You ever hear of the word telic?
I hadn’t until listening to Jay Acunzo’s Unthinkable podcast recently.
According to Jay, it comes from the video gaming community and refers to a task you have to do in order to do something else, like having to repeat a game level just to get back to the place you got stuck.
Let’s Go To The Layout.
One of the dirty little secrets about model railroading is that it’s not all fun. Not everyone likes to lay track for example. In fact, there are parts of the process I don’t care for that much, like distressing ties. I do it because I like the end results.
There are folks who dislike building anything. They’d rather take stuff out of the box, throw on some Pan Pastels, or whatever, and be done. It doesn’t matter if it’s bench work, rolling stock, structures or scenery. Building is a telic activity for them. Any shortcut to make the task go away is welcomed like warm sunshine in springtime.
It’s just my opinion but it seems like the hobby itself is increasingly treated like a telic activity, what with the relentless pursuit of shortcuts, tricks to make it easier, not to mention endless ways to dumb it down. To what end I wonder? How much effort can you remove from the work and still call it model building?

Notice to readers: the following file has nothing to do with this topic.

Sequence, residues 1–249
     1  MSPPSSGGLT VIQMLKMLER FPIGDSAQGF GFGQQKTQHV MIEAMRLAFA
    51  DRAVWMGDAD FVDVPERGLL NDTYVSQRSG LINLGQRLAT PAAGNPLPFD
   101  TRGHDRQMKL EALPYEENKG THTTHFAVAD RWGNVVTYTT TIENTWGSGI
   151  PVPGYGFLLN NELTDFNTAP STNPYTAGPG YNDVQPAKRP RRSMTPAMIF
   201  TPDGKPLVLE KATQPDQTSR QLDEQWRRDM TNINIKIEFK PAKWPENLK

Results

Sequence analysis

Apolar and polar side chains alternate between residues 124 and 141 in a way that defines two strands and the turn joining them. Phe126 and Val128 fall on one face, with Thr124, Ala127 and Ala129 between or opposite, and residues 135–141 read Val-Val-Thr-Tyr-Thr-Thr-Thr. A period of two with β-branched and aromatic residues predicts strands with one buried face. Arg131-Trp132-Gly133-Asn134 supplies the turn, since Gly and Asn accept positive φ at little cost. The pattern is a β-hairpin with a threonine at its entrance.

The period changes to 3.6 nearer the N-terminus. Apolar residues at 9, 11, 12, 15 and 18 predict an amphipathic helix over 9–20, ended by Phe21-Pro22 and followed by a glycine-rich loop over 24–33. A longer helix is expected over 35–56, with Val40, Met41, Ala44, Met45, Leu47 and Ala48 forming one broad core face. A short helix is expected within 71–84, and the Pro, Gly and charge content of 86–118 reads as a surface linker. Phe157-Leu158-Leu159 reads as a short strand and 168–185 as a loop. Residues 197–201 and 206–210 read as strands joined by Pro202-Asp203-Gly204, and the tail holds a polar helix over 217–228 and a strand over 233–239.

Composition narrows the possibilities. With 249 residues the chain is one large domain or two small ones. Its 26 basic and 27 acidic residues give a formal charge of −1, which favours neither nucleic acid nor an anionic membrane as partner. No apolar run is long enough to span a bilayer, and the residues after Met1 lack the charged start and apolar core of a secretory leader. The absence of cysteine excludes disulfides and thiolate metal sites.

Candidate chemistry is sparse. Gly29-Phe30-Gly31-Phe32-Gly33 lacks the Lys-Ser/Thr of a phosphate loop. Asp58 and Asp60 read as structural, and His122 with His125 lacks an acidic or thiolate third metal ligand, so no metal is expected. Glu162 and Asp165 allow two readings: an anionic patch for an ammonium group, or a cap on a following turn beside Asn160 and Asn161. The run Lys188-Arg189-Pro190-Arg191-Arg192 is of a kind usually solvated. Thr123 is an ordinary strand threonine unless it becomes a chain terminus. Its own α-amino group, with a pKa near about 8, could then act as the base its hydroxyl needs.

In contrast to those who treat the work as a means to an end, there are those who love the process for its own sake. They’re what Jay calls craft driven. I like that term.
Although I don’t particularly enjoy distressing ties, I’ll happily do it on a low grade siding because I’m craft driven about track. Four spikes in every tie, individual tieplates and joint bars every thirty-nine feet is no problem because I find satisfaction in the work itself. It is a means to an end for me but in a far different context.
As a part of the scene, I want my track to tell a story about a time and place. My craft driven approach to the track produces the qualities needed to tell that story clearly. Seen this way, the means supports the end, rather than being an arduous task that has to be endured before the “real fun” can begin.
When you find such joy in doing something, you want to share it with others and hope they find it as exciting as you do. A temptation I’ve fallen for is thinking that all I have to do is show examples of such work and the rest will take care of itself. That’s only partially true however. As enthusiastic as I am toward hand laid track, those who see any kind of track only as a means to a different end, like operations, are unlikely to share that enthusiasm. Frankly speaking, there’s little I can do or say to change their minds. It’s best to accept we have different motivations and move on.
Where sharing examples of the work may yield fruit is with people who are ready for a challenge or change. They’re drawn to the work and will ask questions and demonstrate their interest because the work is speaking to them. My enthusiasm might be more effective with these folks because they can see themselves following a similar path.
This craft has many aspects and draws people with all kinds of motivations and interests. I’m not attracted to the simplify everything to the lowest denominator and make it cheap as possible approach but, I don’t have to be. I’m free to do my thing and make a case for it to those who are interested in listening. That’s what this blog and the books are about.